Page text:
So it came to pass that I decided to spend the holidays provided by the Easter period to check out Osun State.

Osun State is of interest to me for many reasons top of which is the fact that it’s seen monumental changes since an idealist in the person of Ògbénî Rauf Aregbesola became governor following the removal from office of the former governor Oyinlola by a competent court for obtaining office by fraudulent means towards the end of his second term, in which Osun state saw little to no progress infrastructurally (as you’d expect with a virgin state) and otherwise.

In the four years Ògbénî had held the reins of office in Osun State he has managed to set the State on a positive pedestal that’s continued to make it the envy of her neighbouring states.

Cynics will see the developments in Osun State at the hands of the Ògbénî (whose philosophy appear to be modelled in the likes of that of the assassinated Thomas Sankara of Burkinafaso), as an attempt to curry favour of second term by doing all good in the first term, before turning his back on the masses as Governor Fashola is currently doing in Lagos and Edo’s Oshiomhole to a smaller extent.

I may be proved wrong, but the Ògbénî appears to be a tad more sincere than the afore-named governors, with his penchant for seeing to the betterment of the lives of the people of Òsún seeming paramount in his mind and in the projects that form the core of his development agenda.

Under Aregbe’s watch 20,000 youths, graduates mainly were co-opted into the O-YES Empowerment Programme. Many accuse him of making graduates labour for a pittance of =N=10,000 doing menial jobs that are demeaning. The truth however is that they are not meant to sit at those jobs all day, and have the opportunity to seek better employment.

Bouyed by the success of the first tranche, Ògbénî is embarking on the second stanza of the O-YES programme. Government can’t provide all the jobs, infact government may not provide any jobs at all as elsewhere in more developed societies governments are trying to reduce their sizes to become less of a burden to the people they are meant to serve.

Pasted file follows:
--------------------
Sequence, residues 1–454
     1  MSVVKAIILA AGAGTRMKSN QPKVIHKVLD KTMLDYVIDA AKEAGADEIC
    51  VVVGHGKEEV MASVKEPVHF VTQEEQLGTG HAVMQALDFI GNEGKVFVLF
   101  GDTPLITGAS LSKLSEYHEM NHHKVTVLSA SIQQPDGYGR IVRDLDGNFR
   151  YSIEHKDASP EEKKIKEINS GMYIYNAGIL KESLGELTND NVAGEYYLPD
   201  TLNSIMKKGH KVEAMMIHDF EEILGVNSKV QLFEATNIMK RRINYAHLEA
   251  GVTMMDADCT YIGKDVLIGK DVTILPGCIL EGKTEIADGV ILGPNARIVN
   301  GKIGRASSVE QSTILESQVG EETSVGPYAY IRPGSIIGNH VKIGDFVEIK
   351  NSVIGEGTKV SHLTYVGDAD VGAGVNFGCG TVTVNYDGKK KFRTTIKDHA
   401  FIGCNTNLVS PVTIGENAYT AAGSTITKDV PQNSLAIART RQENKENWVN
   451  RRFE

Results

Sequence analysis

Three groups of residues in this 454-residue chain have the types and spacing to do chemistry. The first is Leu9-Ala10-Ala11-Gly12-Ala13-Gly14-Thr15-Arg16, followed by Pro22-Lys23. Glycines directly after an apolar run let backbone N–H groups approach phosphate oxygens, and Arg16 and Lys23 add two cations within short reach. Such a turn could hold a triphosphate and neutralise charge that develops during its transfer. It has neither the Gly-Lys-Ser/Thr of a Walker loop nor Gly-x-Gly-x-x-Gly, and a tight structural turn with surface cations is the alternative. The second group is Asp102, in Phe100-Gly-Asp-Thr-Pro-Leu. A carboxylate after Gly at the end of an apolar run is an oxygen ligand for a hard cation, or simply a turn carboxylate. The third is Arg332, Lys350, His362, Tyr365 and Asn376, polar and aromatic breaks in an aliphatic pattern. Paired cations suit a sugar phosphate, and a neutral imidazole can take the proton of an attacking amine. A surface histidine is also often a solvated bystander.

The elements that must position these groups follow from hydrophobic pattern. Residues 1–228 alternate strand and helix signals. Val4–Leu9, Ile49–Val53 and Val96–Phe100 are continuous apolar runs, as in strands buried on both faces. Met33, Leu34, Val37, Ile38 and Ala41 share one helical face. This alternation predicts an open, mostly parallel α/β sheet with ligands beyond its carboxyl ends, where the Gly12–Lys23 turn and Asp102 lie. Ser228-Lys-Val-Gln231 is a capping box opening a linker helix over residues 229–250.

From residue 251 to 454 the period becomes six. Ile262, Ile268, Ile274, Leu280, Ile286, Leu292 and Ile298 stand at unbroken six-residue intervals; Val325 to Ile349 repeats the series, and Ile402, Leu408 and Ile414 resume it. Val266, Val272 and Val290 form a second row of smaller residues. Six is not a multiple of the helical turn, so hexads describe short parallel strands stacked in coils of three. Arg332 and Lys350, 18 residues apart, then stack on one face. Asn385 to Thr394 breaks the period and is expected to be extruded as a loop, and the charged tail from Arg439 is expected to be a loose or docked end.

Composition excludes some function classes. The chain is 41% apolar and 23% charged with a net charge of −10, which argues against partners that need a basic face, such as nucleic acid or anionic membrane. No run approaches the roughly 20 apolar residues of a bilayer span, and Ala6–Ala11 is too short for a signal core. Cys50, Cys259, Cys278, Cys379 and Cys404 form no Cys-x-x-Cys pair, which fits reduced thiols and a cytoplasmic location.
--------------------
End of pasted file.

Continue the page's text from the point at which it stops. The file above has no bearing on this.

The massive investment this Aregbesola administration has committed to developing infrastructure points to the fact that it intends to lure investors into the state, who then will provide the much needed employment.

The intervention in agriculture is quite laudable making a mockery of what we see at the National Level where federal interventions favour only the well established farmers, who are mostly past Heads of State and Presidents, as well as their cronies while they held sway.

Let me tell you about the “O-MEAL” programme which ensures that primary school children get fed daily in school with toppings of chickens and eggs alternatively on their meals.

The chickens and eggs come mainly from another programme in which youths are encouraged to build poultries according to government specifications. They are thereafter supplied with layers, chicken feed and medication. The eggs are sold to the Osun State government who plunge that into the O-MEAL programme, and after months of laying, the layers are “CALLED-IN” by the government, those in the programme get paid again and chicken goes into the O-MEAL programme again. One big revolving scheme.

Osunites think about all these and the possibility of losing all when they consider the antics of the opposition People’s Democratic Party, PDP to retake power by all means possible. They fear they might return to the years of arrested development, where even the roads where their elite politicians lived remained unpaved for years on end, while those in power spent time at MicCom Golf Resort where they squandered the common patrimony of the people of Osun State.